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Start of the COVID-19 bounce back: East European steel mills and foundries resume operations

market insights

May 05, 2020

Bouncing back from a sharp fall in early spring, the European steel and metal industries are at the start of a path to recovery from the COVID-19 crisis, since the halt of the majority of activity within the main metal-consuming industries - automotive, construction and others. All major car manufacturers in the EU have stopped their conveyors. In their turn, steel producers, as well as most foundries in the Czech Republic, Hungary, Poland, and Slovenia - the main centres of metallurgy in Central Europe - faced a significant drop in demand for rolled steel.

The East European steel and metal industries play an important part in the European metallurgy mix. According to Worldsteel, they represent 12% (about 16 million tons) of total carbon steel production within the EU-27 economic area. The steel producers and steel foundries in central Europe are closely integrated into production chains in Germany, Italy, Austria and France. The sudden decline in demand and the forced quarantine shutdown of production across Western Europe hit the industry dealt a severe blow to the metals sector in Central Europe. In Q1, steel production in this region fell by 13%,while overall production in the EU-27 region dropped by 11%.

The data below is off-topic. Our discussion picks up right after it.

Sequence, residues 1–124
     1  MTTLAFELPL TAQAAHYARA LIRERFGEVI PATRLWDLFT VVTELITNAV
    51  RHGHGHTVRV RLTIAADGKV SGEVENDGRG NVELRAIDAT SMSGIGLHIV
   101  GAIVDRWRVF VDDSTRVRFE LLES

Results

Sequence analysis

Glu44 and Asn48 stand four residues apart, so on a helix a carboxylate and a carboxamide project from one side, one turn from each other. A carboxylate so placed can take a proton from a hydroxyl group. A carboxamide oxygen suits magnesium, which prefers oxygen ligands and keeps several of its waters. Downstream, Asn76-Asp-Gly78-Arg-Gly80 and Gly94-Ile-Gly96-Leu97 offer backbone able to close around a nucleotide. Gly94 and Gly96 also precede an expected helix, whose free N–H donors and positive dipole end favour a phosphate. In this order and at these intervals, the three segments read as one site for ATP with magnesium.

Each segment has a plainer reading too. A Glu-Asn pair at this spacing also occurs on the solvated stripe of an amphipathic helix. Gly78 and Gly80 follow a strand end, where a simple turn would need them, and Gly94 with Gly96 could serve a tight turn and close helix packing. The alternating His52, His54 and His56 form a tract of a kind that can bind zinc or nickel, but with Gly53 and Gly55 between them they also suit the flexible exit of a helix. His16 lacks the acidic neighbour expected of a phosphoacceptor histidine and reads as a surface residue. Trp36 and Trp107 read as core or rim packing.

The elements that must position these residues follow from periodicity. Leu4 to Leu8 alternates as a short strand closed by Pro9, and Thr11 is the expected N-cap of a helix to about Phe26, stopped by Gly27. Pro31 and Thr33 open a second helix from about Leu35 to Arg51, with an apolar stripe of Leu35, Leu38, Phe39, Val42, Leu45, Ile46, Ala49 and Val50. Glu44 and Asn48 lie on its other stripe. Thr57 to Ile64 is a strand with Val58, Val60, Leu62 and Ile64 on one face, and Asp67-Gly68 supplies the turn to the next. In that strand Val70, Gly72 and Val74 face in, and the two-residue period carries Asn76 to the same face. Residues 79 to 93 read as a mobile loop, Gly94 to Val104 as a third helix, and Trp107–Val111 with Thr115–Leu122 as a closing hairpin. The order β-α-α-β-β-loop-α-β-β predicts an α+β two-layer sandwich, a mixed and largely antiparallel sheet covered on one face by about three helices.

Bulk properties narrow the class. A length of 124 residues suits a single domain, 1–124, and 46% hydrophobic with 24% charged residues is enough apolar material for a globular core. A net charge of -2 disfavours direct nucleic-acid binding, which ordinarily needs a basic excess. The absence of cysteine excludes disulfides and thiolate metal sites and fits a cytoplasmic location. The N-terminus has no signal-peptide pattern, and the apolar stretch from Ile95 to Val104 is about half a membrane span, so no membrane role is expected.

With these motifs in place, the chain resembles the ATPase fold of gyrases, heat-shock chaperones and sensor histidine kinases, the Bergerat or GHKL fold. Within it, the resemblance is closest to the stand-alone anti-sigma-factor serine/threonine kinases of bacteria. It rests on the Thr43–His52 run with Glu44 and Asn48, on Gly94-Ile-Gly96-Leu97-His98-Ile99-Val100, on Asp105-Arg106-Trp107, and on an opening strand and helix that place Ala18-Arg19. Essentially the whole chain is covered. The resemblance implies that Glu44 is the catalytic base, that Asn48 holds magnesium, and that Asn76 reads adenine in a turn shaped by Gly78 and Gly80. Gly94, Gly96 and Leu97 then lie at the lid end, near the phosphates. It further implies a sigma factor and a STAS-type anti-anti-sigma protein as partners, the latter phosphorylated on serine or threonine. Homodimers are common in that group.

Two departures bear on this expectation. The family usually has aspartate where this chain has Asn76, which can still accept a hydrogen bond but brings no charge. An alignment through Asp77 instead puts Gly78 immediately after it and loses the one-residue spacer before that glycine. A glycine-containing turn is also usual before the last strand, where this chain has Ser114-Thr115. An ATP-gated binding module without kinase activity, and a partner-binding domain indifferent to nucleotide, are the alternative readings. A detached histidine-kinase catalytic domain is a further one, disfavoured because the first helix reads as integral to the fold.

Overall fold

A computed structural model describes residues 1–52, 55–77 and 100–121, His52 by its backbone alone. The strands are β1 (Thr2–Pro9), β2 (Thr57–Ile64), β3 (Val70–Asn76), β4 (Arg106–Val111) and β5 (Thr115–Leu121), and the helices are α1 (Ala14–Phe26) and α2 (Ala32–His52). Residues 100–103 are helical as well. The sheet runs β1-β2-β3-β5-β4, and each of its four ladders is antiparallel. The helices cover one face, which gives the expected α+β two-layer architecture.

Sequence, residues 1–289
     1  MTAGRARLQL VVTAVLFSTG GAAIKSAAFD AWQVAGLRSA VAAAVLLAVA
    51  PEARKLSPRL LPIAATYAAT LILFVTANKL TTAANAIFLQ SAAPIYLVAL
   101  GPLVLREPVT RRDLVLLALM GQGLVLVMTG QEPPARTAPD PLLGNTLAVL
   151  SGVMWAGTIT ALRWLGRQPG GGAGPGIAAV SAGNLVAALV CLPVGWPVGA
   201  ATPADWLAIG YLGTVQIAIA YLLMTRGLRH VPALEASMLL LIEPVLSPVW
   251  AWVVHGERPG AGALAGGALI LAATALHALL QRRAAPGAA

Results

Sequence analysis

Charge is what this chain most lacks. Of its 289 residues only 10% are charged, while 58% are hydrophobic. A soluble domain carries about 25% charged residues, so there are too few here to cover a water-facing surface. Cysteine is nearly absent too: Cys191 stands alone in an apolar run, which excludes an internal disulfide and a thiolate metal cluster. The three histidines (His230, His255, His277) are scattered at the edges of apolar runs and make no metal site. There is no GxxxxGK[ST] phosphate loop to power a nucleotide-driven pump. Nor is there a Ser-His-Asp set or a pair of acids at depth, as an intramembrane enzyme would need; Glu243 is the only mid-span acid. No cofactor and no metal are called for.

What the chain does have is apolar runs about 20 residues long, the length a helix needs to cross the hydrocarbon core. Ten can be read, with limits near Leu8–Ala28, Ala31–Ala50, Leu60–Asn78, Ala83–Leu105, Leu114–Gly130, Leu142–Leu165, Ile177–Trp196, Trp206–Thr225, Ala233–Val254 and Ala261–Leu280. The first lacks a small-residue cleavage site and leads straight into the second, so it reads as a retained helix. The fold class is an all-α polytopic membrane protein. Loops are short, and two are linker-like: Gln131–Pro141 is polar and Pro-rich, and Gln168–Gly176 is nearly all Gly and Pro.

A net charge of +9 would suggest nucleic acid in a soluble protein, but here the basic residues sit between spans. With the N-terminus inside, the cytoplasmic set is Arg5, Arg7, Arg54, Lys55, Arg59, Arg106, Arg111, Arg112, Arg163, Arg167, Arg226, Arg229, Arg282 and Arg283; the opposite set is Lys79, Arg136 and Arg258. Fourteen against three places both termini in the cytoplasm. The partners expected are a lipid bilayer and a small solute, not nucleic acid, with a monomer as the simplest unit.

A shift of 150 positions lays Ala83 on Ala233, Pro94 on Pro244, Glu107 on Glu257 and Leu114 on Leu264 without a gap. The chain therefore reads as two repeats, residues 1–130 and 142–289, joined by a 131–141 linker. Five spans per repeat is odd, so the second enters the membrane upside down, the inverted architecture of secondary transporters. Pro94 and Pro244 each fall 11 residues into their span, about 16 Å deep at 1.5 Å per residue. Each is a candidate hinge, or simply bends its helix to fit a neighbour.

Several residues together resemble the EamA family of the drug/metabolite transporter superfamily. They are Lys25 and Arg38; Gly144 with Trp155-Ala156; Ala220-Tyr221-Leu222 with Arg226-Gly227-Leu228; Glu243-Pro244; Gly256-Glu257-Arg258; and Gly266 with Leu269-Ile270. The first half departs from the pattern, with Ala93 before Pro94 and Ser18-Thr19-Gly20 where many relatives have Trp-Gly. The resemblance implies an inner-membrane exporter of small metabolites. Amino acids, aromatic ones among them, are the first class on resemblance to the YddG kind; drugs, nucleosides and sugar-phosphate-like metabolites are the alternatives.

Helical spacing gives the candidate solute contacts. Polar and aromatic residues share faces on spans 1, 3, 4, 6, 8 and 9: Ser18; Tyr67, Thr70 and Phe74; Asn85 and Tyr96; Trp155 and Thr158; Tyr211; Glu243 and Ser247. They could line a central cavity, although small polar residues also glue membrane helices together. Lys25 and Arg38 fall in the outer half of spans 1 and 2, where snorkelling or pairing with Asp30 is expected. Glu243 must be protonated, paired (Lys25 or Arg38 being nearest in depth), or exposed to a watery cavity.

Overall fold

The countries with the most significant effect were Poland and Hungary, where steel production fell by 19% and 18% throughout Q1. The decline in Poland was characterized largely by their focus towards production of flat-rolled products for car manufacturing by local producers. Hungarian foundries on the other hand, saw a weaker demand for the automotive components which they heavily rely on. The mid-April the halt to car production in Germany therefore brought about a shutdown of foundries in Poland and Hungary.

Other Eastern European neighbours, such as the Czech Republic and Slovenia suffered a reduced impact on carbon steel production. Here, a higher domestic steel consumption pattern made steel producers less reliant on demand from Germany and Italy, thus leading to a more modest fall in production by a mere 2% and 0.5% respectively. During this period, metal procurement and sales remained challenging due to shutdown of many businesses and key staff working off-site, making it difficult to co-ordinate operations. Digital technologies proved to be a useful remedy for this situation: supporting work from home and managing procurement. One key user in the Czech Republic, noted that during the quarantine period: ´Metalshub was one of the few digital tools that really helped us getting through the situation smoothly.´.

There are clear signs that the situation for steel consumption of rolled and casted products is starting to improve since early May. Car manufacturers in Germany have resumed operations while in Italy metallurgists have been allowed to resume operations, provided they comply with strict Covid-19 health and safety rules.

Metalshub has learned that Slovenian foundries that they are resuming operations with 100% capacity utilisation from the first week of May, through direct communication. In response to expectations of growing demand from Italian factories, sources in Poland are confirming an initial recovery of activity with local metallurgists, who are resuming purchasing of raw materials and ferroalloys. Polish suppliers of ferroalloys are preparing to offer material for export, which was hampered by transport interruption from border closure.

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